Kentucky Republican Senator Rand Paul was the lone member of his party to vote against his confirmation.
Pompeo is a far-right Kansas Republican who has in the past defended CIA officials who engaged in torture, calling them “patriots“. Last week, he left the door open to torture by acknowledging in his written responses to the Senate Intelligence Committee that he would be open to altering a 2015 law prohibiting the government from using techniques not listed in the Army Field Manual.
As a member of Congress, he repeatedly appeared on the radio program hosted by anti-Muslim activist Frank Gaffney, and has portrayed the War on Terror as a conflict between Islam and Christianity. He has also claimed that “Islamic leaders across America [are] potentially complicit” in terrorism because they supposedly don’t speak out against it, which is not true.
While Pompeo’s confirmation was opposed by Human Rights Watch, it netted votes from a variety of Senate Democrats, including the caucus’s leader: Chuck Schumer of New York.
In addition to his stances on torture and Islam, Pompeo has also come under fire for his views on surveillance. In a 2016 op-ed in the Wall Street Journal, he attacked a 2015 law that that he voted for, which ended the bulk collection on phone records by the NSA. The op-ed calls on the government to collect “all metadata” and “lifestyle” details on Americans.
The CIA is prohibited by Executive Order from conducting electronic surveillance inside the United States. But the specific rules and policies governing CIA surveillance are secret and can be reinterpreted without public debate. Despite a push for transparency following the revelations in documents from NSA whistleblower Edward Snowden, the Obama administration did not declassify a secret legal opinion about the CIA’s collection of financial records. And days before President Trump took office, the Obama administration issued new rules that would allow the CIA to sift through much of the raw data the NSA collects on Americans.
In his confirmation hearing, Pompeo tried to assure Sen. Ron Wyden, D.-Ore, that there were “legal boundaries” to compiling dossiers on Americans, but that the government would be “grossly negligent” to ignore “publicly available” information.
On the Senate floor Monday, Wyden called Pompeo “the wrong man for the job.”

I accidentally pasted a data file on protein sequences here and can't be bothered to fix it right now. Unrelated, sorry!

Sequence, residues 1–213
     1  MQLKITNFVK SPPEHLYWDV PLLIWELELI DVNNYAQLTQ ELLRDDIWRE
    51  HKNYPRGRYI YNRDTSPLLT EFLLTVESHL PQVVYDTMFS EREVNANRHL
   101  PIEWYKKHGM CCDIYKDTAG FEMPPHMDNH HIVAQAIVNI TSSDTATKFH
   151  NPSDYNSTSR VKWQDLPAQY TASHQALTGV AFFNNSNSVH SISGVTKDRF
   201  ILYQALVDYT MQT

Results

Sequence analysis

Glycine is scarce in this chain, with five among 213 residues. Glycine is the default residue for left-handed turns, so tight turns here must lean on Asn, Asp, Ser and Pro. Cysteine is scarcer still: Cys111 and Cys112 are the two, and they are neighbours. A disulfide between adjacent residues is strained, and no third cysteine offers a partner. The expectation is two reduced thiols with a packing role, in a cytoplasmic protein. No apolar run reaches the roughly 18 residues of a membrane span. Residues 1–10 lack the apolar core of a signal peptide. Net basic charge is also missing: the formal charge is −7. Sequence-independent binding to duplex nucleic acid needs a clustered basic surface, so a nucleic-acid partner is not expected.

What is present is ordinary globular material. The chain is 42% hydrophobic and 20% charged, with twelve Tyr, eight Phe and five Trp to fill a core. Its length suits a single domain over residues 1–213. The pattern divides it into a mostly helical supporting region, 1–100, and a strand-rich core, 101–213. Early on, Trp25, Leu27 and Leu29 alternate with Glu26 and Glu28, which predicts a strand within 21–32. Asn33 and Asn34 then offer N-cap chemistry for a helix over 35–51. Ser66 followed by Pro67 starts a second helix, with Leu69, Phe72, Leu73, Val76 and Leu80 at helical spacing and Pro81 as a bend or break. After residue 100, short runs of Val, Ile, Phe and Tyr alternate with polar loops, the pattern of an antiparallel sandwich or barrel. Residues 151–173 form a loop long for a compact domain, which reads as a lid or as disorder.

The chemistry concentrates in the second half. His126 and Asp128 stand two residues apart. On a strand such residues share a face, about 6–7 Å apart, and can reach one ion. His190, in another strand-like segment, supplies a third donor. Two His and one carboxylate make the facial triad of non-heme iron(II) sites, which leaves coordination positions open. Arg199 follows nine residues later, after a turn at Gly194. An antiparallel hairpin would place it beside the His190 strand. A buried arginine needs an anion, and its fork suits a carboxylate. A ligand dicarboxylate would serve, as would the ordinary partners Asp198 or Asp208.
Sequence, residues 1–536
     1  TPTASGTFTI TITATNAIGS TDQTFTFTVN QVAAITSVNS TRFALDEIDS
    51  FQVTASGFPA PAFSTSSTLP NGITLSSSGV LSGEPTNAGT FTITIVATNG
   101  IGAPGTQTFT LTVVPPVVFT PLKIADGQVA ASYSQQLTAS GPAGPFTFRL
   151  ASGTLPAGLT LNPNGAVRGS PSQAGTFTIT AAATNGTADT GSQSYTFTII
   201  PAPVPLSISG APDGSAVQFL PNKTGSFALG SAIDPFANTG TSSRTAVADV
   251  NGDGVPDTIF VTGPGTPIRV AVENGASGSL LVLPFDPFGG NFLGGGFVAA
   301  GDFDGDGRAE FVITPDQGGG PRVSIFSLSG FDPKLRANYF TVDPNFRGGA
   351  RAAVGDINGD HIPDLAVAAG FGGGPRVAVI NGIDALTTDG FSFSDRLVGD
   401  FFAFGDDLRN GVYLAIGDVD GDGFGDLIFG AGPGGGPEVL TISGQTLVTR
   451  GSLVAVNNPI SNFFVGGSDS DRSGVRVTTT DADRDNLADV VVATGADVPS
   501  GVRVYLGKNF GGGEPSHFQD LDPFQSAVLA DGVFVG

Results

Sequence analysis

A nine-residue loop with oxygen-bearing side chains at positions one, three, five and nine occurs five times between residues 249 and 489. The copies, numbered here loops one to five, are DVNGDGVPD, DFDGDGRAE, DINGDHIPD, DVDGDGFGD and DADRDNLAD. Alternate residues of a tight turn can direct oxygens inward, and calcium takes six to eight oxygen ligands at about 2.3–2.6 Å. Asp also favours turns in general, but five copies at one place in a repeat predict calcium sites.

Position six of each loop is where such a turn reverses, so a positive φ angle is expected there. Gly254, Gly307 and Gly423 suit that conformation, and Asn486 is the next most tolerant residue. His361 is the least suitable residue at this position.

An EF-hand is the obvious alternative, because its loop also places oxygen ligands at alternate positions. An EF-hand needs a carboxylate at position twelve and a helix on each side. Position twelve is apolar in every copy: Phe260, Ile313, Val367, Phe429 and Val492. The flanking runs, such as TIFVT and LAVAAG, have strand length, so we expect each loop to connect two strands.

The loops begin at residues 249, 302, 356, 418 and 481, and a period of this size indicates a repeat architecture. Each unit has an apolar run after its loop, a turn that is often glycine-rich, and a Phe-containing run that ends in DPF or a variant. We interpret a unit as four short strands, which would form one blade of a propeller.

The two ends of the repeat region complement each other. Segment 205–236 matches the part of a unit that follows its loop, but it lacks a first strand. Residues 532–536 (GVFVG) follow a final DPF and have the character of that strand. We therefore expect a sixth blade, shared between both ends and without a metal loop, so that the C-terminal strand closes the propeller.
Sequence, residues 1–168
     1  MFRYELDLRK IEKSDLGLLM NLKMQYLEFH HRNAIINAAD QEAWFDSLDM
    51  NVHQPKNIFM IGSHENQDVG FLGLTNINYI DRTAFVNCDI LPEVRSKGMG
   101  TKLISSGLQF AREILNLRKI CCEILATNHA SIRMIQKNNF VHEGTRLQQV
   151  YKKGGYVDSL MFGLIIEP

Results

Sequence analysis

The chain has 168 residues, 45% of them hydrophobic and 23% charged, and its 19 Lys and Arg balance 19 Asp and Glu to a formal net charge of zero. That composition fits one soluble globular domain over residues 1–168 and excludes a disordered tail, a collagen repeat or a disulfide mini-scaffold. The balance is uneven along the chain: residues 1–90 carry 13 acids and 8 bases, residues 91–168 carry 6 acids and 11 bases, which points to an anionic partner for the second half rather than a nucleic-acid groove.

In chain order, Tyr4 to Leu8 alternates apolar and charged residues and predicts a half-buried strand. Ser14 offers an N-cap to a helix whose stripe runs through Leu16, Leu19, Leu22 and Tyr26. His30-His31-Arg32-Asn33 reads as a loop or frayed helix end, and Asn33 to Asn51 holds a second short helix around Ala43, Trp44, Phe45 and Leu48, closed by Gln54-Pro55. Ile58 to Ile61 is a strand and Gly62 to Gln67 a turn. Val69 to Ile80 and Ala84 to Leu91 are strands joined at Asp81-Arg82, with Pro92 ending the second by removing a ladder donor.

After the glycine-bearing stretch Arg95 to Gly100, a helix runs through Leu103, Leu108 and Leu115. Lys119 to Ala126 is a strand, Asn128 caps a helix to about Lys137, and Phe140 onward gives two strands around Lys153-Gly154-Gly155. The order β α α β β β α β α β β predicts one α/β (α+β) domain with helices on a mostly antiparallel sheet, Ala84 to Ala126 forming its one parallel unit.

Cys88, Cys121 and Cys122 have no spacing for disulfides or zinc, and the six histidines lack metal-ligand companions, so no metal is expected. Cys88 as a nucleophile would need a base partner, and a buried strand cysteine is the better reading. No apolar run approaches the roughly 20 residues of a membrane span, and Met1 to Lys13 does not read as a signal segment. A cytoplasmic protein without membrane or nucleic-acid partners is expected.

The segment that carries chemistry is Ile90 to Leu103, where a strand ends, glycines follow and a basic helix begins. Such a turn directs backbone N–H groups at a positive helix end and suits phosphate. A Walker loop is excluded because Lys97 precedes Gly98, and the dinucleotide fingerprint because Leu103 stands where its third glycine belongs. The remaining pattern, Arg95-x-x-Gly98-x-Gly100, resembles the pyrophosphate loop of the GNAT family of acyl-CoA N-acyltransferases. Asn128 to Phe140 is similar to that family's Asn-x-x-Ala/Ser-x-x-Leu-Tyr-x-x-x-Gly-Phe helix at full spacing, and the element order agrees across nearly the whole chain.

“On issue after issue,” Wyden said “the Congressman has taken two, three, or four positions, depending on when he says it and who he is talking to. He has done this with surveillance, with torture, with Russia, and a number of other subjects.”
He added: “Congressman Pompeo does not seem familiar with the broad consensus that torture, in addition to being illegal, immoral and contrary to our national values, does not work.”
But Virginia Democratic Sen. Mark Warner, the ranking Democrat on the Intelligence Committee, said on the floor that although he does “not agree with some of the views that Congressman Pompeo” holds, he “convinced me that he will follow the law banning torture.”
Margaret Huang, executive director of Amnesty International USA, called the confirmation vote “a clear sign that Congress has not done enough ‘extreme vetting’ of President Trump’s nominees’ views on human rights.”
She continued: “While Pompeo sailed through his confirmation hearing, his written answers to the Senate contradict his earlier testimony and could lay the groundwork for the agency to return to torture and secret detention. Torture is a war crime and a grave human rights violation.”
The Democrats who voted to confirm Pompeo were: John Donnelly of Indiana, Dianne Feinstein of California, Maggie Hassan of New Hampshire, Heidi Heitkamp of North Dakota, Tim Kaine of Virginia, Amy Klobuchar of Minnesota, Joe Manchin of West Virginia, Claire McCaskill of Missouri, Jack Reed of Rhode Island, Brian Schatz of Hawaii, Schumer, Jeanne Shaheen of New Hampshire, Warner, and Sheldon Whitehouse of Rhode Island.
Connecticut Democrats Richard Blumenthal and Chris Murphy did not vote.
Top Photo: Pompeo at his confirmation hearing on January 12, 2017 in Washington, D.C.
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